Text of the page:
Italy's government is already in the market spotlight with investors awaiting details of its 2019 spending plans. The government said last Thursday that it will deliver key populist measures that it promised in the run-up to the election, policies that are expected to increase next year's deficit to 2.4 percent of GDP — three times more than what the previous government had planned.
The deficit figure led to a negative market reaction but also to some angry comments from the European institutions.
Several European finance ministers and policymakers told CNBC's Willem Marx in Luxembourg that there are concerns about the extra spending in Italy, but they are waiting for the final budget document to be published.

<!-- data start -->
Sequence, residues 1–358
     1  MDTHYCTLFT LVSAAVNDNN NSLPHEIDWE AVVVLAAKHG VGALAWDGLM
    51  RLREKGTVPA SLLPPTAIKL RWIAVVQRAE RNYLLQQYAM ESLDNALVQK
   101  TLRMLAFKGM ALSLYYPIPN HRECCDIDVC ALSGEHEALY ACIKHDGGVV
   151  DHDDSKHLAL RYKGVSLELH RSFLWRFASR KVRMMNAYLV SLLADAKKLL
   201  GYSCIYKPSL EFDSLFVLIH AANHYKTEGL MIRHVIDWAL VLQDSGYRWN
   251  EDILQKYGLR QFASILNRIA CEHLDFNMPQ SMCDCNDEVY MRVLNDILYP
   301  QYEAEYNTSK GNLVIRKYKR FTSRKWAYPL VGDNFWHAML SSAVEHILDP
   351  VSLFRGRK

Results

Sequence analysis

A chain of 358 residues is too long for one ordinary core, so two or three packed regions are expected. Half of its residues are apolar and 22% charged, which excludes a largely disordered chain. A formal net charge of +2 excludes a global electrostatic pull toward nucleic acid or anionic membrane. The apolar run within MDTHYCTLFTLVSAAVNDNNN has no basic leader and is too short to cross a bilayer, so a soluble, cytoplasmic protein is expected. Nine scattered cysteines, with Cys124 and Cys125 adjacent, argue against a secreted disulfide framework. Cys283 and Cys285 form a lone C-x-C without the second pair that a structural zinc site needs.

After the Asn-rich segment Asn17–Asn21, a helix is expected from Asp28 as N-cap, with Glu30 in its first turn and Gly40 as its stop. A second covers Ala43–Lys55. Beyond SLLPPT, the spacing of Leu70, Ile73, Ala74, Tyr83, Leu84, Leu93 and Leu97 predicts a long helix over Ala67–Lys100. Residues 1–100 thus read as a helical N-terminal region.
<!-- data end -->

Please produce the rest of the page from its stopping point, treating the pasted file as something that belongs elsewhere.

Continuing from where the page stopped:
Woepke Hoekstra, finance minister of the Netherlands, said that "what we've seen so far isn't particularly reassuring" while European Commission Pierre Moscovici told CNBC's Willem Marx that the 2.4 percent deficit figure is "a very significant deviation from what was committed before."
"I think the Italian government must tell the truth to the Italians, that there is more public expenditure that can make you more popular for a while but then who pays in the end?," Moscovici said Monday.
One of Italy's deputy prime ministers, Luigi di Maio, head of the anti-establishment Five Star Movement (M5S), accused the EU of "creating terrorism on the markets" by deliberately upsetting financial markets with its comments.
Italy has until the 15th of October to finish its 2019 budget plan and submit it to the European Commission for analysis.